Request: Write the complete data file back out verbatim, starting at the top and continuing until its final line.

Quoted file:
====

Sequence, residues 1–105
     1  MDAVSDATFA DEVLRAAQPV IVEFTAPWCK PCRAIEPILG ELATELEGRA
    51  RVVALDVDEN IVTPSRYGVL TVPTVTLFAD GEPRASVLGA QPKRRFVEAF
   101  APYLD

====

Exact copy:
Sequence, residues 1–105
     1  MDAVSDATFA DEVLRAAQPV IVEFTAPWCK PCRAIEPILG ELATELEGRA
    51  RVVALDVDEN IVTPSRYGVL TVPTVTLFAD GEPRASVLGA QPKRRFVEAF
   101  APYLD